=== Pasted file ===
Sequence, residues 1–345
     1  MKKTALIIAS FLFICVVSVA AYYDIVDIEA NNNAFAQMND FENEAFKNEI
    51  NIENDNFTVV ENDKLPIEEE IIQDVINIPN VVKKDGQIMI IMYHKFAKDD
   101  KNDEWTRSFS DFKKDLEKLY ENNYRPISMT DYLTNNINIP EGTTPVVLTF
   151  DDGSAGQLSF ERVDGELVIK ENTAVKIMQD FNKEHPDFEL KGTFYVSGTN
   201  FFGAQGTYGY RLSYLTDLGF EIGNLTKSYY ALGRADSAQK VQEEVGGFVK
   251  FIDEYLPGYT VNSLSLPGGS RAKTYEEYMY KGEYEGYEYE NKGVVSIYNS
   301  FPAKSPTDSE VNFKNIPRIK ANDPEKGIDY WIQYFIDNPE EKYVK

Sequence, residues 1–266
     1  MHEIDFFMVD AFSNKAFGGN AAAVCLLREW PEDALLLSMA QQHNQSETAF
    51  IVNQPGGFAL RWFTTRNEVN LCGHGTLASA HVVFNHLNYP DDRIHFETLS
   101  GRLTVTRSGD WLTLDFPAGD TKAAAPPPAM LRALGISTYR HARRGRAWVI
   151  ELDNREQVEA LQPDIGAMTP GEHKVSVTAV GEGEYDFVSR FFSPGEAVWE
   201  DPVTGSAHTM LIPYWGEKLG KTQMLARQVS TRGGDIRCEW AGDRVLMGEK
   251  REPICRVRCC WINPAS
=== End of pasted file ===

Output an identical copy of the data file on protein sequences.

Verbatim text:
Sequence, residues 1–345
     1  MKKTALIIAS FLFICVVSVA AYYDIVDIEA NNNAFAQMND FENEAFKNEI
    51  NIENDNFTVV ENDKLPIEEE IIQDVINIPN VVKKDGQIMI IMYHKFAKDD
   101  KNDEWTRSFS DFKKDLEKLY ENNYRPISMT DYLTNNINIP EGTTPVVLTF
   151  DDGSAGQLSF ERVDGELVIK ENTAVKIMQD FNKEHPDFEL KGTFYVSGTN
   201  FFGAQGTYGY RLSYLTDLGF EIGNLTKSYY ALGRADSAQK VQEEVGGFVK
   251  FIDEYLPGYT VNSLSLPGGS RAKTYEEYMY KGEYEGYEYE NKGVVSIYNS
   301  FPAKSPTDSE VNFKNIPRIK ANDPEKGIDY WIQYFIDNPE EKYVK

Sequence, residues 1–266
     1  MHEIDFFMVD AFSNKAFGGN AAAVCLLREW PEDALLLSMA QQHNQSETAF
    51  IVNQPGGFAL RWFTTRNEVN LCGHGTLASA HVVFNHLNYP DDRIHFETLS
   101  GRLTVTRSGD WLTLDFPAGD TKAAAPPPAM LRALGISTYR HARRGRAWVI
   151  ELDNREQVEA LQPDIGAMTP GEHKVSVTAV GEGEYDFVSR FFSPGEAVWE
   201  DPVTGSAHTM LIPYWGEKLG KTQMLARQVS TRGGDIRCEW AGDRVLMGEK
   251  REPICRVRCC WINPAS